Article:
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Court testimony reveals how drug suspect escaped custody
Mans case involving $150K of meth moves to Superior Court
William Suarez enters Hall County Magistrate Court on Friday morning.

Don Carter State Park

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Child locks in cars are for the big kids, too.

Locks that weren’t set in a Hall County Sheriff’s Office car played a role in the escape of a 62-year-old Hall County man charged with methamphetamine trafficking.

The case involving William Suarez moved on to Superior Court on Friday after a committal hearing in Magistrate Court.

“(The deputy) got in his car, and I got in my car. He stepped out of the car and said, ‘Hey, this guy’s not in the backseat anymore,’” said Multi-Agency Narcotics Squad investigator Jefferey Shull.

The investigation into Suarez, Shull said, began with search warrants for false documents that Suarez allegedly used to obtain a driver’s license.

MANS agents searched two residences on Dec. 18 on McConnell Drive and Georgia Avenue, leading to the discovery of roughly $150,000 worth of methamphetamine, about 3.3 pounds, in plastic containers in the oven area.

“The sheer weight in itself indicates that it was distribution weight,” Shull said.

After further inspection, a 9 mm pistol was found behind the stove.

“Had we not just found methamphetamine …. I probably wouldn’t have found it. I probably wouldn’t have looked behind there,” Shull said.

Suarez later met with law enforcement, Shull said, and admitted he was connected to both locations. He did not admit to the methamphetamine, Shull testified.

Shull said no charges were pressed at that time on an agreement to cooperate with law enforcement on future investigations.

On Jan. 6, Hall County Sheriff’s Office spokeswoman Deputy Nicole Bailes testified she and other officers were conducting a home visit on Driskell Drive as a part of DUI Court.

Bailes said there was a strong smell of marijuana when entering the residence. Another investigator went into one of the bedrooms, Bailes said, and found Suarez.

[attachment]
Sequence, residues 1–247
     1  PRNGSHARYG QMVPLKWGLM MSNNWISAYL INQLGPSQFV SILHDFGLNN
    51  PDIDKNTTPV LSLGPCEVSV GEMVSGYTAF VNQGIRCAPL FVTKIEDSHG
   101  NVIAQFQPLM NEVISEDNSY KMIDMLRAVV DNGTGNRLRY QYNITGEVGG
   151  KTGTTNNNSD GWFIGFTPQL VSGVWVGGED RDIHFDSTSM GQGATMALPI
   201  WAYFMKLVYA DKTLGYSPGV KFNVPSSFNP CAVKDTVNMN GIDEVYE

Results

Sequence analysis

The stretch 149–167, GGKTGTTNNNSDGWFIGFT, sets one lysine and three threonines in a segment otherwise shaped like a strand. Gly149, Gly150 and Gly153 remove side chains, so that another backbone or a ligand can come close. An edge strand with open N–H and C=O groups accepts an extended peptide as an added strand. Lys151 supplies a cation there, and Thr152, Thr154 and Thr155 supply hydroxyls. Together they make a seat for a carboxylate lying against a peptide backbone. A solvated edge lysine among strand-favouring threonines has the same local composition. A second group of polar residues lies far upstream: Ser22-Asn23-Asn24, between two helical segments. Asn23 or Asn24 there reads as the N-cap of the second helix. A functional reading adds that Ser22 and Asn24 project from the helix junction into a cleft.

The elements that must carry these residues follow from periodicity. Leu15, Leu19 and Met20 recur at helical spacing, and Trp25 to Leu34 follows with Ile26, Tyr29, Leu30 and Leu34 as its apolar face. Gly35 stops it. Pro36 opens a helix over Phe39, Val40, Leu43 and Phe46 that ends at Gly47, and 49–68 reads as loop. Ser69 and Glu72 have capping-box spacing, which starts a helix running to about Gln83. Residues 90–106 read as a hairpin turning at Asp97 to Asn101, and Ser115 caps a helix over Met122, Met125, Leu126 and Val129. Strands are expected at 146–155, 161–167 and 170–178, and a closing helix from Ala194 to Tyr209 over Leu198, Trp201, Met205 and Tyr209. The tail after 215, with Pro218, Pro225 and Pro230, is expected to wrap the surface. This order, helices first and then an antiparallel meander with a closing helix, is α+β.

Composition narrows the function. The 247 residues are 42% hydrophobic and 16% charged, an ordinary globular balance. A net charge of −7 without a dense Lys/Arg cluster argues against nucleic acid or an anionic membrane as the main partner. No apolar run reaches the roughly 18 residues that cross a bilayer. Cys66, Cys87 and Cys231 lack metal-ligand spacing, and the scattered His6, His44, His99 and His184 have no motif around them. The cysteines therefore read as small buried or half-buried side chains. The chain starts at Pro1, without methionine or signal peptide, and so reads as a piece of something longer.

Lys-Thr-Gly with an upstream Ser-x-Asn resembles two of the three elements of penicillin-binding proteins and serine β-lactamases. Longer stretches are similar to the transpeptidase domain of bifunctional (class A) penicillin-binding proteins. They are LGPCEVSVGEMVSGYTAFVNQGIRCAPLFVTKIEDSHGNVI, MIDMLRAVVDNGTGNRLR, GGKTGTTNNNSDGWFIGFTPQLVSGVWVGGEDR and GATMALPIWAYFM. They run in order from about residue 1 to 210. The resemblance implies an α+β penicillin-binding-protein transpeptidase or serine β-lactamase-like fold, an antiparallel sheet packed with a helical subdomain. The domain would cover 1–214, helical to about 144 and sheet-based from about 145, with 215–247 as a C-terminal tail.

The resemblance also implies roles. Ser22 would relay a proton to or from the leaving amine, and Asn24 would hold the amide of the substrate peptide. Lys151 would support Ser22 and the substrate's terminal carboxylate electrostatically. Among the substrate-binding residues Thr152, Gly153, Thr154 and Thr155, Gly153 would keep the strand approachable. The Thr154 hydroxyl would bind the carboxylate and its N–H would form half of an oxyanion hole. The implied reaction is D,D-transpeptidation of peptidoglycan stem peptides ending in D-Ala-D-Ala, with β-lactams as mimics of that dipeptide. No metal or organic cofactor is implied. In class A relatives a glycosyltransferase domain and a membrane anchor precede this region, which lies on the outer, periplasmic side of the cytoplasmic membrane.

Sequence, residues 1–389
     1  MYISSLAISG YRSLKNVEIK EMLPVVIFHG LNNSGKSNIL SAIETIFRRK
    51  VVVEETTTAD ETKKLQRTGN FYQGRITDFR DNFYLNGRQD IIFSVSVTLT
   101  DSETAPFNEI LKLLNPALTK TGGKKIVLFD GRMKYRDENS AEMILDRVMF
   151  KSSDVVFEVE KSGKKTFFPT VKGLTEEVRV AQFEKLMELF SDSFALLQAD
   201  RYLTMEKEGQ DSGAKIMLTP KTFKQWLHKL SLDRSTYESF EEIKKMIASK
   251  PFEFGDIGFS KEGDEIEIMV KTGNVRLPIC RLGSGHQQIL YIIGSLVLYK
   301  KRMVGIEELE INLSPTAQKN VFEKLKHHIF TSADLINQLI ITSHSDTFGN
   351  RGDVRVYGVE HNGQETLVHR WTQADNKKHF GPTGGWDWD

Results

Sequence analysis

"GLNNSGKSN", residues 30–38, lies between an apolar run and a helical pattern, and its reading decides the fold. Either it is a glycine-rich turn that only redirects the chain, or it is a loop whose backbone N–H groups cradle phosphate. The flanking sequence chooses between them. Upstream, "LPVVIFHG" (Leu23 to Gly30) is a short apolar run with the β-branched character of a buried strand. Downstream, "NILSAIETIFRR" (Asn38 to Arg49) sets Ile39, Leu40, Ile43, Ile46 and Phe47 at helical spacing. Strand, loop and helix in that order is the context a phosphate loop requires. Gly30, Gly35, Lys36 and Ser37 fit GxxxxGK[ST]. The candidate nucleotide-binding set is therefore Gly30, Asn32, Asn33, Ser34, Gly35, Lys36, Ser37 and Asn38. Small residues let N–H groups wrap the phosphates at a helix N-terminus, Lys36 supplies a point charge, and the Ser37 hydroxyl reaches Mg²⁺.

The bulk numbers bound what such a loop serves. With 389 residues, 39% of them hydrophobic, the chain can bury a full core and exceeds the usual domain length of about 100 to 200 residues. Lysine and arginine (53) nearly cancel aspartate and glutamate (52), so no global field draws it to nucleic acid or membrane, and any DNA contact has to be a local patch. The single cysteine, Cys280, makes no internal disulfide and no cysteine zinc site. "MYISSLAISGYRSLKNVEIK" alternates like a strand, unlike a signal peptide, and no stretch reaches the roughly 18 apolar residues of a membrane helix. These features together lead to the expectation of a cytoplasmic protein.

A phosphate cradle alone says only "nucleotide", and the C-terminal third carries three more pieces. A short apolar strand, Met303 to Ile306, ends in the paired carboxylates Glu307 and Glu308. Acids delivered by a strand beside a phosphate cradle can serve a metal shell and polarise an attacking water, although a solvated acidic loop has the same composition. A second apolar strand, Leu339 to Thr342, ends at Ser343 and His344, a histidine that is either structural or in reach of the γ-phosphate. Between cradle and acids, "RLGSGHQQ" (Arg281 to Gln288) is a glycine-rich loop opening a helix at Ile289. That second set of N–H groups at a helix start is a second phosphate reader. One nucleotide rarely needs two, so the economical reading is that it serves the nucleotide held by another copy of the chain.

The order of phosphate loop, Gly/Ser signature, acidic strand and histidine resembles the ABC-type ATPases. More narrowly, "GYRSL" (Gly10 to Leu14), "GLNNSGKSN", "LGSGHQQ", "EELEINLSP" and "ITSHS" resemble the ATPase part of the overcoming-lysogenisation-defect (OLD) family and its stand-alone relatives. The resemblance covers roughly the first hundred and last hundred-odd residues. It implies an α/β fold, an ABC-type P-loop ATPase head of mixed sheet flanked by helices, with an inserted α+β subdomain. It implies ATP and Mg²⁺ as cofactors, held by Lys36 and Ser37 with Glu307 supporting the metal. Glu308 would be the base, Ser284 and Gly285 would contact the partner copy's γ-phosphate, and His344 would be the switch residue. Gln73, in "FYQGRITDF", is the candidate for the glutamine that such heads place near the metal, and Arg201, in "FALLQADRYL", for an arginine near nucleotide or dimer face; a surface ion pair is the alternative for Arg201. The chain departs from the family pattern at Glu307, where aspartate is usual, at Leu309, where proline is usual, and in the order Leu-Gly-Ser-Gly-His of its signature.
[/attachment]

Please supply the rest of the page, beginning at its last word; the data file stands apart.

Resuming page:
Suarez allegedly fought the officer.

“Mr. Suarez was actually on the ground. (The investigator) was on top of him trying to detain him … I did observe him try to grab (the investigator’s) firearm that was secured in his holster on his waist,” Bailes said.

Bailes said she focused her attention on people in the living room, including Jose Cardenas, who was charged with trafficking cocaine.

“Because he kept making direct eye contact with the shaving kit, I asked him was there anything or any weapons in the shaving kit and could he unzip it,” Bailes said. “Mr. Cardenas unzipped the shaving kit that was next to him, and I could immediately see the marijuana protruding from the bag at that time.”

Investigators found a mason jar with marijuana, plastic bags with marijuana and cocaine packaged with black electrical tape.

Shull was called to the scene and interviewed Suarez. Shull’s plan was to interview him fully back at the MANS office and record it because Shull said he didn’t bring a camera or recording device to the scene.

Shull said a deputy put Suarez in the back of the deputy’s patrol car and returned to briefly discuss the initial interview. The two returned to their vehicles roughly five minutes later, Shull said.

When investigating the escape, Shull said he asked the deputy, who had a new vehicle, if he had put on the child locks. The deputy, according to Shull, said he believed the locks were set, but Shull said they were not.

Shull explained to Suarez’s public defender Matthew Leipold that the police vehicles are similar to any other vehicle on the road.

“When I got my patrol car, I cut off the handle and I cut off the locking mechanism,” Shull said.

Bailes wrote in an email after the hearing that “it is the responsibility of the officer to ensure that their vehicle is secured and that the child safety locks are enabled when transporting.”

All of Suarez’s charges — including trafficking methamphetamine and cocaine, escape and attempting to remove a public safety officer’s weapon — were moved on to Superior Court.